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Law puts dent in teachers’ gifts

Though it may be a simple gesture, parents should be careful if purchasing a gift for a teacher. | Courtesy photo

 

As it stands now, area parents could be breaking the state’s new ethics law by giving their child’s teacher a gift of value.

You can still bake cookies, or bring in something consumable such as hand lotion or a candle, a potted plant or a coffee cup if spending less than $15, said Jim Sumner, director of the Alabama Ethics Commission, which has been asked to clarify the law as it relates to holiday gifts.

But cash or anything that a teacher could turn around and resell is out of the question, Sumner said, as are holiday turkeys and ham.

The Ethics Commission is meeting next week to further clarify the law, which in its current form is vague, stating that an item must be of “de minimis” value, which, according to the Merriam-Webster dictionary, means “lacking significance or importance; so minor as to merit disregard.”

“The law does not define what de minimis is, and the Ethics Commission will not arbitrarily establish an amount,” according to an ethics opinion filed in October.

Sweeping reforms to Alabama’s ethics laws took effect in January, putting tougher restrictions on lobbyists and public officials.

Peggy Mobley, retired Covington County teacher and former two-term president of the Alabama Educators Association (AEA), said student gifts are never expected by a teacher.

“I think that Christmas gifts are not about their value,” she said. “I think they’re about children who give their teacher a gift to say ‘I love you.’ The value is not important. Some parents can afford more than others, as a teacher, I can say, gifts are never expected by a teacher.

“It’s sad that big corporations and legislators can (get give and receive) gifts, but little children in the classroom, who thoroughly love their teacher, can’t,” she said.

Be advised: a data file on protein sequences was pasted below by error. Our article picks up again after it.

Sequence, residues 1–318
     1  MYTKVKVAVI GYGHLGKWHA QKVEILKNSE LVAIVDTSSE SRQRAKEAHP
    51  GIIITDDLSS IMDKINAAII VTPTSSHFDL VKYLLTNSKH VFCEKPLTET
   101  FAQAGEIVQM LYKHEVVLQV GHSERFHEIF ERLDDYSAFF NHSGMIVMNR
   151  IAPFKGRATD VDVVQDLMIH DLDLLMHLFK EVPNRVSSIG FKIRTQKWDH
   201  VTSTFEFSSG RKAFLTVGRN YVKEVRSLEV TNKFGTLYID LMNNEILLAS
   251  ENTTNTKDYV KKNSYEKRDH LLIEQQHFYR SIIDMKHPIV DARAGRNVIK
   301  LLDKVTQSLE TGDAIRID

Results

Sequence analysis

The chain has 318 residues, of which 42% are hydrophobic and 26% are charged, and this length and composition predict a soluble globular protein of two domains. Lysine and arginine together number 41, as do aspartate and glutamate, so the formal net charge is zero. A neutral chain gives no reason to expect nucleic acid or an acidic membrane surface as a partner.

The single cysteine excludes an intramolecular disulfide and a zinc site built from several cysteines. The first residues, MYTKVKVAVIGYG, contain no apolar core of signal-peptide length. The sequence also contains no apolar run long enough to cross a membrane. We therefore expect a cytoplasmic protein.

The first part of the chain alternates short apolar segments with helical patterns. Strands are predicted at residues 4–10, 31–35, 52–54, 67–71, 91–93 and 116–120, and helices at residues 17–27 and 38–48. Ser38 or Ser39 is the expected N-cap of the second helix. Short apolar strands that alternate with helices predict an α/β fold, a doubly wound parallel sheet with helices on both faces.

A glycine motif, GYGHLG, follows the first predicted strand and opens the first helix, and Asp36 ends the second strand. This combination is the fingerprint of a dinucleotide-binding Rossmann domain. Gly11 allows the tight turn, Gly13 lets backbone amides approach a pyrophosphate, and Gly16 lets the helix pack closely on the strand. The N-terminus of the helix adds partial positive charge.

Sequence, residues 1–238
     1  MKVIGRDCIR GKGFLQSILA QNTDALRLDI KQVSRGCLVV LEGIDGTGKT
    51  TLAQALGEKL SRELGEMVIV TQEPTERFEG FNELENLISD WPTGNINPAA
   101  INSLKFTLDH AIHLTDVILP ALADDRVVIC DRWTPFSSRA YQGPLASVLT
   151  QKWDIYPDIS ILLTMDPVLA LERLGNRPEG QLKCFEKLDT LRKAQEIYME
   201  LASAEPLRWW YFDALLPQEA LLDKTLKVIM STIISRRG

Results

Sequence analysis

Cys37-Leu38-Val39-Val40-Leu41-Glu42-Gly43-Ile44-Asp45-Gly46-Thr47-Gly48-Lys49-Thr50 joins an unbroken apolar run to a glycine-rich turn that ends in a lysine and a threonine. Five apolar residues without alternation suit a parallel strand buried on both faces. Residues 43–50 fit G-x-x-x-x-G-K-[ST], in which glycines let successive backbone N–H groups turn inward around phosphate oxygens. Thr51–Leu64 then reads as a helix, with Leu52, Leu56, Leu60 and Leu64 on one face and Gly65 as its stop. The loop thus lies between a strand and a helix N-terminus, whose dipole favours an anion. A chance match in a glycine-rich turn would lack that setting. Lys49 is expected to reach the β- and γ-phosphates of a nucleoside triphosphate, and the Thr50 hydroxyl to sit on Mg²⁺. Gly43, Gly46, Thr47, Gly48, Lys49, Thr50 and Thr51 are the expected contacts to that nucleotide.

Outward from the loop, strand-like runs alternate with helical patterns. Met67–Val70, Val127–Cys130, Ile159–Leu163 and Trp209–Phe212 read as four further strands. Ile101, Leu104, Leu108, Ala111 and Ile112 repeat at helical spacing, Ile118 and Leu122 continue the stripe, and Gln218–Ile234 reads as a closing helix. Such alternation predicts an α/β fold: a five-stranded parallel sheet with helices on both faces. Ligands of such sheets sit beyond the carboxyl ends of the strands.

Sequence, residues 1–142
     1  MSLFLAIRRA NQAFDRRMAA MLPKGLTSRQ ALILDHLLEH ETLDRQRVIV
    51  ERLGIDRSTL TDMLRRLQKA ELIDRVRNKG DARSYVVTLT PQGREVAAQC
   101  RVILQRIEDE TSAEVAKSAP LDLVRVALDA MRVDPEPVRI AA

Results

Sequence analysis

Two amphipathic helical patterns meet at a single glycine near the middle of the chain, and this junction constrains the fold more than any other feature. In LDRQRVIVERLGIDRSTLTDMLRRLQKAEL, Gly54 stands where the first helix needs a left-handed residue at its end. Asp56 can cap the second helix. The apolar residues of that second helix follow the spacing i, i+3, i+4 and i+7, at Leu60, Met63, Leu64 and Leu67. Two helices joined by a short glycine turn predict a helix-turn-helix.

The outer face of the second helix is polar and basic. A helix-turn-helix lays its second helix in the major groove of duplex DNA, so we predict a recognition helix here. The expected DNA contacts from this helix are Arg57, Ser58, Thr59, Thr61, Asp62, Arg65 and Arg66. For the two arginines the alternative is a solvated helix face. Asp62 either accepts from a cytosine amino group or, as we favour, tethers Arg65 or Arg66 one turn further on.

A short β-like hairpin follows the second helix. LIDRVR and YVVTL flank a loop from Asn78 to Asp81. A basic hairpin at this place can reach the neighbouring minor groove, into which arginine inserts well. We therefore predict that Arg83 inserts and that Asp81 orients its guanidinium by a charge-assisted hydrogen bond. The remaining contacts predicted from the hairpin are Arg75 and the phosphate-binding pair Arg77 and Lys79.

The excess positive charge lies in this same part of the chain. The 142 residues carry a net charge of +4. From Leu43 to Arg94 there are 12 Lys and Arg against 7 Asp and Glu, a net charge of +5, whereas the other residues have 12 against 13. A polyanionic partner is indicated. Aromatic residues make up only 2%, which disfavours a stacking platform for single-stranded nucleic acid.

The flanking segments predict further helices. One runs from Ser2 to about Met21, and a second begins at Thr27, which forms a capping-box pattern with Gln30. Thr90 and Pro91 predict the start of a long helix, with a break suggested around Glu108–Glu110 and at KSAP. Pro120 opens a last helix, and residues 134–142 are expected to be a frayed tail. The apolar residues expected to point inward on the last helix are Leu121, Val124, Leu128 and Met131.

As a high school teacher, Mobley said on the rare occasion a student brought a gift, it brightened her day.

“Those are the actions that show someone appreciates what you, as a teacher, did,” she said. “Teachers know they are appreciated by students, but sometimes you need to say it in some way. By not allow them to give gifts, I think it hurts children.”

Andalusia City Schools superintendent Ted Watson said, “Every superintendent, as well as me, is following the guidelines Jim Sumner, who is over the ethics commission, is giving. They are ambiguous at best. There is no clear line on what you can or cannot give.

“According to Mr. Sumner, ‘A parent wishing to give a gift to a teacher should stick to those under $15, but closer to $5.’”

Watson said cookies should be OK, but not a turkey or a ham.

“Then again, I don’t want to start telling people what is OK and what isn’t OK since this is so ambiguous,” he said. “One thing you should ask yourself is does it have a resale value and is the resale value minimum.”

Watson said he didn’t think lawmakers fully understood the extent of the new law when it was passed.

“I don’t think that our lawmakers had any idea that this reform would be as sweeping as it is,” he said. “I know the intent was to stop lobbyist, and not necessarily to have this kind of effect on teachers.”

The ethics commission is working on a more detailed list that should be released later this month, he said.

“I do know one thing that they are saying is that PTOs cannot give teachers gift cards, which is unfortunate during the current economic times,” he said.

Opp Superintendent Michael Smithart and Covington County Schools Superintendent Terry Holley said they, too, are awaiting more instructions from the ethics commission before sending out any kind of notices to parents.

“They meet next week, so we’re just waiting,” Smithart said. “Student/teacher gifts are a long standing tradition. I don’t think there is any intention to corrupt that relationship by giving a Christmas gift, and I think the ethics commission will see that.”